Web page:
You could say that Mattea Perrotta’s Le Marais apartment is like the work she creates: It’s minimal yet intimate, filled with just enough detail to have it radiate with energy upon closer inspection. Besides the essential painting supplies that enable the Venice beach native to also use the space as her studio, there’s a small selection of books (Matisse In Morocco, a collection of work by Henry Taylor), a French press, a 35mm Pentax, a vase of flame-colored tulips in a simple glass vase, rolling papers, dried flowers for a friend.
A recent transplant to Paris, she seems to have made herself quite at home since moving here in March, a fact that’s further evidenced by her sporadic, conversational use of French as we chat, sip coffee, smoke, and waver between topics ranging from the personal to the political. And while she seems mostly at ease — likely because she’s long been a world traveler, having spent time in Morocco, Turkey, Senegal, and Mexico to name just a few past explorations — there’s also a bit of charming mystery. Arguably the same kind that pulls you into the organic, painterly shapes on her canvases.
When she’s not painting these days, you’re likely to find Perrotta quietly but confidently exploring her new surroundings: sitting in a nearby park with a tutor to improve her use of the language, discovering new niches via metro or bicycle, and connecting with new and old friends at intimate, artful gatherings. For all these activities she prefers the simplest of bag shapes: the tote - “a simple shape and generous size which gives me freedom to carry studio supplies, books or whatever from my day."
Perrotta comes across as an old soul, decidedly thriving in this new context of French effortlessness, which makes a lot of sense with the kind of work she creates. A Berkley grad, she initially began her art career with realistic portraiture, finding herself mostly drawn to the fine details of forms, which she’d blow up and voraciously render to capture mood and emotion. This became increasingly abstracted into the work she creates today: soft-edged forms that float somewhere between figurative and geometric, interacting with one another in a way that feels more human than traditional minimalism.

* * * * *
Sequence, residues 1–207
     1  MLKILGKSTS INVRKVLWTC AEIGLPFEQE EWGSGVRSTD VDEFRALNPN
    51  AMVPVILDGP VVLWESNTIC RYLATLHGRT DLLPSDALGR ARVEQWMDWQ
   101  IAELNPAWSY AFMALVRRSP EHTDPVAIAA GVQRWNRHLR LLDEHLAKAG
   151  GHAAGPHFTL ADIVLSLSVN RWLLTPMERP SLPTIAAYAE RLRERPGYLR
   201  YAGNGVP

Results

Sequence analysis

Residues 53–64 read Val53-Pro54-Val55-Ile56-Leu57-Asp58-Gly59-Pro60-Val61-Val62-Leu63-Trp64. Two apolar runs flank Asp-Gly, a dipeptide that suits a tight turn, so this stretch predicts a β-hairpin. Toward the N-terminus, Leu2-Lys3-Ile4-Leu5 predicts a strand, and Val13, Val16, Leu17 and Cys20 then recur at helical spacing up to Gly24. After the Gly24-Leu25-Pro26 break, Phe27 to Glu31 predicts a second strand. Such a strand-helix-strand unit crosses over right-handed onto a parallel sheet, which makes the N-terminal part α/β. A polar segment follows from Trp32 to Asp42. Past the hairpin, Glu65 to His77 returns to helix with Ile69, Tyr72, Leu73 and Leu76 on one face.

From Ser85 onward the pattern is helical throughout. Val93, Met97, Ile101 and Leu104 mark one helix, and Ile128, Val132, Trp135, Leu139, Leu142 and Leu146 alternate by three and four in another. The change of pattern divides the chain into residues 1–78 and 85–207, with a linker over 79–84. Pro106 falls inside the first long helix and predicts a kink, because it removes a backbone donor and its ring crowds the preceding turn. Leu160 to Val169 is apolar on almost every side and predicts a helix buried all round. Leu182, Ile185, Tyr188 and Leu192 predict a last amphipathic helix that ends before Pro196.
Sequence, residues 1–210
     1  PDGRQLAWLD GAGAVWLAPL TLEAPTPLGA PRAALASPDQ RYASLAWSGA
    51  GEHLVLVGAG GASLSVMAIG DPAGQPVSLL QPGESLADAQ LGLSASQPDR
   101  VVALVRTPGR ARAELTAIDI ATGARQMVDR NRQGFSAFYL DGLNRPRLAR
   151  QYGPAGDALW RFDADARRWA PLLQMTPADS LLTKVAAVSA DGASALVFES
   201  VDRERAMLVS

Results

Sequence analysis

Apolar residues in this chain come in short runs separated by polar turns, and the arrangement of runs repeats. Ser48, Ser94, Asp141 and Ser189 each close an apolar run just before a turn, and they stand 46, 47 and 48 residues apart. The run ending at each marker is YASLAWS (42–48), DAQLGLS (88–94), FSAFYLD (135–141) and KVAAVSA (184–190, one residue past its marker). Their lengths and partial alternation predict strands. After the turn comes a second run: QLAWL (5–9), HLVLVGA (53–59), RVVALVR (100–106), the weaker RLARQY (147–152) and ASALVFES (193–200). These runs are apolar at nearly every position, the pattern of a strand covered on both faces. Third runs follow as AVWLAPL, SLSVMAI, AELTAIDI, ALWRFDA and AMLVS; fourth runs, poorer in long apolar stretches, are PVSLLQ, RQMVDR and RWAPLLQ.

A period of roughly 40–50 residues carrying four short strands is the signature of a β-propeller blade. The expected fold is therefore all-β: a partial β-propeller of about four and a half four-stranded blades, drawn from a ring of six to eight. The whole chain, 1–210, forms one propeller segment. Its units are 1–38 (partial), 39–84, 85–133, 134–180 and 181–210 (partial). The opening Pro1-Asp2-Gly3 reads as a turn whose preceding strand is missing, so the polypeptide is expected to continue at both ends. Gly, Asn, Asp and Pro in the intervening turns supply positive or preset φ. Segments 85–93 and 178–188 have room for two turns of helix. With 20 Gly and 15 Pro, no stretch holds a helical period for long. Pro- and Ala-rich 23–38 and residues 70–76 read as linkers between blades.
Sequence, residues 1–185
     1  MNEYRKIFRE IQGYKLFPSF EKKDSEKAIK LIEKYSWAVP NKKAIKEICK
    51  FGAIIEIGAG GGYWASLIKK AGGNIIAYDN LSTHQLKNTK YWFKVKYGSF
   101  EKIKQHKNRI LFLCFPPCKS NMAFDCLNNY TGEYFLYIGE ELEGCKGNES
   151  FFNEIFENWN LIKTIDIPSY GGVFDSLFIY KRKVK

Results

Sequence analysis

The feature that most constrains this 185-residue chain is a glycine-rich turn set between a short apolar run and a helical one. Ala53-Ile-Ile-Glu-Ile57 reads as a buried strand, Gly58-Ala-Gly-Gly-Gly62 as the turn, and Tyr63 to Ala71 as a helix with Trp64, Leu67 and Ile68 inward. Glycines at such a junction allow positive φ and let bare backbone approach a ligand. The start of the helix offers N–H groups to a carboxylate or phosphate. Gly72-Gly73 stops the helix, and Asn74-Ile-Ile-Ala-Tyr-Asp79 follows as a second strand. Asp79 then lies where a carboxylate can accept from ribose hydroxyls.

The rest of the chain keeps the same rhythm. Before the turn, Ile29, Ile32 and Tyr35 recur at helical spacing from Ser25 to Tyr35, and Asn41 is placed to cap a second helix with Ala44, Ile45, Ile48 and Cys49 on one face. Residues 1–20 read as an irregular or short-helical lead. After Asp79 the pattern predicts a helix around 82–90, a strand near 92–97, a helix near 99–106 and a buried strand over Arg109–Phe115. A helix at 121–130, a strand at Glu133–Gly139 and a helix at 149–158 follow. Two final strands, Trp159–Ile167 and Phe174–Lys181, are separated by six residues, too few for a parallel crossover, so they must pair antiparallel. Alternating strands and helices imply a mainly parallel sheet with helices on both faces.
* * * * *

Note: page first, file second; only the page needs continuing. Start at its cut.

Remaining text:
And it’s this approach, this purposeful unfussy-ness that’s internally complex, that shows up in her lifestyle as well. Much like the carefully chosen items in the Marais apartment, the contents of Perrotta’s minimally designed tote are thoughtful, but with express purposes. “Choosing a bag comes down to essentials,” she explains. “I don’t need much: chapstick, glasses, a decent pen and notebook, and wallet of course. I prefer to keep it as simple as possible — life is already too damn complicated.”
But much like her paintings, the simplicity belies a few intimate details that tell a story — if you know where to look for them. “I’m not a person that gets attached to tokens, I find them to be unnecessary and annoying,” she shares. “I do however carry an old photograph of my dad that’s kept together with duct tape in my wallet, and a lock of my best friend's hair in a mini plastic bag inside my notebook.”Photographs by Jane Dylan Cody